Personalized Dietary Management of Obesity and Related Metabolic Disorders in Adults

Research output: Book/ReportPh.D. thesisResearch

Combating the obesity epidemic is one of the greatest challenges of modern era. Despite that weight loss diets have been used for more than 2,500 years, they have not yielded significant success given the persistent global rise in rates of overweight and obesity in recent decades.

For years, scientists have debated the ideal dietary plan for weight loss in terms of macronutrient composition. However, no singular dietary approach has been conclusively established to outperform others. Irrespective of the type of diet, people react differently to the same dietary treatment. This ranges from individuals who lose very little weight to others who lose a lot, and there are even some who may gain weight. The reasons for this large interindividual variability can be attributed to various factors such as distinctive genetic makeup and diverse mechanisms of food absorption and metabolism in the body, or even behavioural and psychological factors. It is believed that tailoring dietary intervention strategies according to an individual's metabolic profile holds considerable potential in the treatment of obesity, as opposed to relying solely on generalized dietary recommendations for the whole population.

Accordingly, the H2020 PREVENTOMICS project (Empowering consumers to PREVENT diet-

related diseases through OMICS sciences), coordinated by Eurecat in Spain, has developed a direct-to-consumer platform on the basis of integrating genetic, nutritional, biochemical and behavioural factors to assess the unique metabolic profile of individuals using metabolomics and machine-learning techniques, aimed at delivering personalized nutritional plans to ultimately drive sustainable behaviour change to tackle obesity and thereby, prevent nutrition-related chronic diseases.

The current PhD thesis is based on three publications out of the PREVENTOMICS project with an overall aim to investigate the efficacy of using such a platform to deliver personalized nutrition plans for reducing body fat mass and subsequently improving health outcomes. The three objectives and corresponding papers are summarized below.

1. To review the existing literature on precision nutrition for weight loss and design a study to assess such a personalized nutrition approach.

2. To investigate the efficacy of personalizing dietary plans, using genetic and health biomarkers, in producing more favourable health outcomes over dietary plans based on general recommendations.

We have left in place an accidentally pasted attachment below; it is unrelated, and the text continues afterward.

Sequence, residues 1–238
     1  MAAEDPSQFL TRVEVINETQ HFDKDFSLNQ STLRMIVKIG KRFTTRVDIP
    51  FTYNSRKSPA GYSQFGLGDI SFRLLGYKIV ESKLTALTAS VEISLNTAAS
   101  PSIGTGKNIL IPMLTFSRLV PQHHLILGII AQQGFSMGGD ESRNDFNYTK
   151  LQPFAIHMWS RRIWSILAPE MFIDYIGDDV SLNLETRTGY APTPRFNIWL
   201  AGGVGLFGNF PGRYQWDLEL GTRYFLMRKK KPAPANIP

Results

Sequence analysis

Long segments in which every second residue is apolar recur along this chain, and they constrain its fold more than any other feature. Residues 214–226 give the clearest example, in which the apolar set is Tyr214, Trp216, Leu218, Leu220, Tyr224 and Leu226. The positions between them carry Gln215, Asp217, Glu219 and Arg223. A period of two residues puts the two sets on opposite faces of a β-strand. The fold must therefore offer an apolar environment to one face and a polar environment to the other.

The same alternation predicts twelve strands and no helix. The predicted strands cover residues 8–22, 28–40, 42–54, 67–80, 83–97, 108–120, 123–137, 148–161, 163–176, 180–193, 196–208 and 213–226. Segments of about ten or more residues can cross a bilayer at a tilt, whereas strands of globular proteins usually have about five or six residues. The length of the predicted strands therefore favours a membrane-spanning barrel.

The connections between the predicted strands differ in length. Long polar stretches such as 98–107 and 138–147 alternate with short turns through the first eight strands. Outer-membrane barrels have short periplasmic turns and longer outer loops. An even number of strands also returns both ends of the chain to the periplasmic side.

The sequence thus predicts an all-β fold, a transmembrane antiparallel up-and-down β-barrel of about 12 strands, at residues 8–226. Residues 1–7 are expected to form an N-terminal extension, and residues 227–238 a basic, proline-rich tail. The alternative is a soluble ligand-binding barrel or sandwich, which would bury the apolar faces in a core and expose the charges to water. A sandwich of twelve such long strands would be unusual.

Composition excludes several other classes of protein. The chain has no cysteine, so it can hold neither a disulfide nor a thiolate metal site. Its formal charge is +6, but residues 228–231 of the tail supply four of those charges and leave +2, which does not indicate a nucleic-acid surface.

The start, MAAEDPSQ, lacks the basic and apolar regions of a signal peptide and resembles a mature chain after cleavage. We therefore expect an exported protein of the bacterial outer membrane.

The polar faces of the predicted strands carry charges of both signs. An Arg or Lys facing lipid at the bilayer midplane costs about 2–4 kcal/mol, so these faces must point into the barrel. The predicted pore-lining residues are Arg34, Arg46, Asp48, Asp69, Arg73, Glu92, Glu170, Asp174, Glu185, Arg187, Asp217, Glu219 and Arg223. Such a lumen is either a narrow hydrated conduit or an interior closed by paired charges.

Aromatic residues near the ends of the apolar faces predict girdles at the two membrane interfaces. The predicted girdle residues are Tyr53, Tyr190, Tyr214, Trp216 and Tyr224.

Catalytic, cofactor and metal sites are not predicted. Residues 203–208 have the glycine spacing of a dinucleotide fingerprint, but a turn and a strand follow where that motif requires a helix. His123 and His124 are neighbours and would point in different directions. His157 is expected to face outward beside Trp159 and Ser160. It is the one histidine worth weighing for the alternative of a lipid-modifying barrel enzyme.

3. To explore the impact of consuming an ad libitum high-fibre plant-based diet on gut microbiota composition and its associations with different metabolic biomarkers, in addition to whether baseline enterotypes can predict weight loss outcomes.

Paper 1 describes in detail the protocol used in the 10-week PREVENTOMICS randomized controlled trial conducted in Denmark, where an algorithm was developed with a priori definition of five distinct metabotypes associated with compromised metabolic processes related to (1) carbohydrate metabolism, (2) lipid metabolism, (3) oxidative stress, (4) inflammation, and (5) microbiota-related metabolism.

In Paper 2, we found that personalizing dietary plans did not provide additional benefits compared to a conventional approach on the primary outcomes (change in fat mass and body weight), or on improving health parameters beyond the changes induced by the control diet. Both predominantly plant-based diets were equally effective in improving body weight and health outcomes in individuals with overweight or obesity.

In Paper 3, we concluded that consuming ad libitum plant-based diet reduces body weight and exerts several health benefits. The addition of inulin-type fructans prebiotics to this naturally fibrerich diet selectively modifies gut microbiota composition and attenuated some of the realized cardiometabolic biomarkers. In addition, classifying participants based on their baseline Prevotella/Bacteroides ratio did not predict weight loss outcomes.

In summary, based on the approaches presented in this PhD thesis, metabotyping to provide tailored dietary advice did not support the hypothesis that personalized nutrition is superior to general dietary guidelines for successful weight loss and improved health outcomes. Future studies should focus on the effectiveness and cost-effectiveness of such precision nutrition approaches using more simplified methods while validating biomarkers for weight loss before integrating more complex omics of several markers at once. Moreover, future interventions should address both behaviour change and the surrounding obesogenic environment influences for better maintenance of weight loss outcomes. To combat obesity effectively, a comprehensive holistic and interdisciplinary approach is key requirement.
Original languageEnglish
PublisherDepartment of Nutrition, Exercise and Sports, Faculty of Science, University of Copenhagen
Number of pages136
Publication statusPublished - 2023

ID: 381152193